On Dec. 13, 2018, Richard Branson stood in the Mojave Desert, eyes fixed skyward as he witnessed the culmination of a lifelong dream: His space tourism company, Virgin Galactic, had sent an aircraft into suborbital space. For Branson, the launch was not merely proof of concept for his latest business venture. It signaled that humanity was on the edge of a fundamental breakthrough. “Today we have shown that Virgin Galactic can open space to the world,” he declared.
Four days later, the prominent philosopher Todd May published a short article in the Stone, a philosophy series run through the New York Times opinion section. “Would Human Extinction Be a Tragedy?” asked readers to consider the possibility that the demise of humanity might be morally desirable. “Human beings are destroying large parts of the inhabitable earth and causing unimaginable suffering to many of the animals that inhabit it,” May observed. From this the philosopher concluded that although human extinction would be a tragedy, “it might just be a good thing.” The article was arguably the first to advocate for human extinction in a mainstream publication.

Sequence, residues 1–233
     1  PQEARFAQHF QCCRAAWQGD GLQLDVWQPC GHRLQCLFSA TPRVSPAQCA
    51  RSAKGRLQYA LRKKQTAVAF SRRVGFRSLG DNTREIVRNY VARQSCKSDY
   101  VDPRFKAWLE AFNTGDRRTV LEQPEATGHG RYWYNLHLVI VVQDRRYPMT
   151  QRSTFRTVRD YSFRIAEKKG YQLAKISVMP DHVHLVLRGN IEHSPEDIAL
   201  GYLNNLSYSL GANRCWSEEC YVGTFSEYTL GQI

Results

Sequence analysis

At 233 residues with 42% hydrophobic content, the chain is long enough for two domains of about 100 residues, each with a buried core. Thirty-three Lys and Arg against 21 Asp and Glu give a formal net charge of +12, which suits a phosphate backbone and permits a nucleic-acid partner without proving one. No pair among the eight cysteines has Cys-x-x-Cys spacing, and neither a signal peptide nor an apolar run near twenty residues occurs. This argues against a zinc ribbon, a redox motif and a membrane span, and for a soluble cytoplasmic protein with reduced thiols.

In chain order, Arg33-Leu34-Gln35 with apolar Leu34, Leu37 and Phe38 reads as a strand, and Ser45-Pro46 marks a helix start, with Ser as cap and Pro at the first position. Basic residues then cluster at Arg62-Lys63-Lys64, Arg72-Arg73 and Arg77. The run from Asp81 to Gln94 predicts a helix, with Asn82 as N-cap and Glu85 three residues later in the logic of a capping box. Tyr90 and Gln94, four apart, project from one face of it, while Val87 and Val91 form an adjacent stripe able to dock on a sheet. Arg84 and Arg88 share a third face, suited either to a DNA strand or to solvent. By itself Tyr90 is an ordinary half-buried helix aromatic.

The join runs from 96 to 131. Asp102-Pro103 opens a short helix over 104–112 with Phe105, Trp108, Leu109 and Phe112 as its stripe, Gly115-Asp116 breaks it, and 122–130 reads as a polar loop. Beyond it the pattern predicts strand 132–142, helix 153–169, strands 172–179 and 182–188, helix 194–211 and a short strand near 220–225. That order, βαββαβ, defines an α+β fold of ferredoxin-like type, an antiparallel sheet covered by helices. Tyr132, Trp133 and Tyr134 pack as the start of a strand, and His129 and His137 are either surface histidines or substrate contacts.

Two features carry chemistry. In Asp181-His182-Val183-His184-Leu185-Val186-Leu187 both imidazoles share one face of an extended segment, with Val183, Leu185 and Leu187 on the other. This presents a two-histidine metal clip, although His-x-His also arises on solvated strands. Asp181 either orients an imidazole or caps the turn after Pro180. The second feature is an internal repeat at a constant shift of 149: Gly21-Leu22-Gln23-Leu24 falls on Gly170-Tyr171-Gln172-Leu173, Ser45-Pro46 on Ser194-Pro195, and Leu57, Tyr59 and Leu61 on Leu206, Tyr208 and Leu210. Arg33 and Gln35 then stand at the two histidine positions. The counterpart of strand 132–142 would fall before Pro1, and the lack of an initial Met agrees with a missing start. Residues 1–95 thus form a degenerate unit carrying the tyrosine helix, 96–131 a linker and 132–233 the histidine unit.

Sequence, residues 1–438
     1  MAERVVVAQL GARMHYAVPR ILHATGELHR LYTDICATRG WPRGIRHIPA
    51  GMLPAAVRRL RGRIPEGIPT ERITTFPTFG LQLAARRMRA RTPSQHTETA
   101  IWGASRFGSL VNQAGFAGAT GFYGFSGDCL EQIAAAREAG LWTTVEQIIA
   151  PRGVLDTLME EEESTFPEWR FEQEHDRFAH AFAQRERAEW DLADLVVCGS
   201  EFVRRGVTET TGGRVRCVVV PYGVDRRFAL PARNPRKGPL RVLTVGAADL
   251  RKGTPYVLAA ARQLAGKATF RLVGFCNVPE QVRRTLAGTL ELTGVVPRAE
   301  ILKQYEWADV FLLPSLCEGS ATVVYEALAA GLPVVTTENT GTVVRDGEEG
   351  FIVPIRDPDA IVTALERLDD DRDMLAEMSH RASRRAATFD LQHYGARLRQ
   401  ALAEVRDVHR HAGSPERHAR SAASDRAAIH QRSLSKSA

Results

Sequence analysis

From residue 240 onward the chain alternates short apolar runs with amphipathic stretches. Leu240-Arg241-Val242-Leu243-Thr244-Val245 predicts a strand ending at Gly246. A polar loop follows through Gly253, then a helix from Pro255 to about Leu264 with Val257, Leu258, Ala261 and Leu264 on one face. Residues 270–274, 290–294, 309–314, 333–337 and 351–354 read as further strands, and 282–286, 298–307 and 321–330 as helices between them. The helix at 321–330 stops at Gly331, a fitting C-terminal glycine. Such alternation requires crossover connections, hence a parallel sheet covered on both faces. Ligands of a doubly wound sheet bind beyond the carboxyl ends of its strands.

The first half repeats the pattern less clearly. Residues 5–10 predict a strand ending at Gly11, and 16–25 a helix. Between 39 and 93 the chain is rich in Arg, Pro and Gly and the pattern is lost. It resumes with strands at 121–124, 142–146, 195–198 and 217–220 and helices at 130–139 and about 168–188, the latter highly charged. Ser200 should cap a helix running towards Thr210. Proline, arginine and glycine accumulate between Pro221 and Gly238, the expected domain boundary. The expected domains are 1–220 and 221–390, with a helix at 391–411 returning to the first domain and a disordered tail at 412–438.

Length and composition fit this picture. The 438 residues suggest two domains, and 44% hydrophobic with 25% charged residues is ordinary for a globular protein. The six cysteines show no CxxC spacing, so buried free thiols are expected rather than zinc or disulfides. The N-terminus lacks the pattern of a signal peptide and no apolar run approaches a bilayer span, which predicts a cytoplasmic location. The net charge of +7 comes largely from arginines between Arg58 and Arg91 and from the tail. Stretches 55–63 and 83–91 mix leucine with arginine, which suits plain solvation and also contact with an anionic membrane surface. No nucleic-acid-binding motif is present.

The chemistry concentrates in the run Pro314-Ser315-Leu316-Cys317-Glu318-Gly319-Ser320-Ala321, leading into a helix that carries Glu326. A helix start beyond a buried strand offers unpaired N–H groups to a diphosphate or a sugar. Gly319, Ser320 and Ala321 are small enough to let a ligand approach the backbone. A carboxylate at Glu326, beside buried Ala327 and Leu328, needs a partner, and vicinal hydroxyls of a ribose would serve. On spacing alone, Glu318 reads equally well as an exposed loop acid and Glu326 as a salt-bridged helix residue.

To the casual observer, Branson and May—and their ways of thinking—don’t have much in common. Richard Branson is a technology mogul who dreams of colonizing Mars and has flirted with digital immortality by uploading his mind using artificial intelligence. Todd May is a moral philosopher whose work aims to help human beings confront death with dignity, sharing none of Branson’s enthusiasm for space exploration or eternal life. Yet a new book from Wall Street Journal editor Adam Kirsch, The Revolt Against Humanity, argues that both radical environmentalists like May and radical technologists like Branson are in effect “cheering for humanity’s end.” Their views are reflective of what we might call the New Misanthropy that pervades corners of our cultural life in the 21st century. And such beliefs are more widespread than you imagine.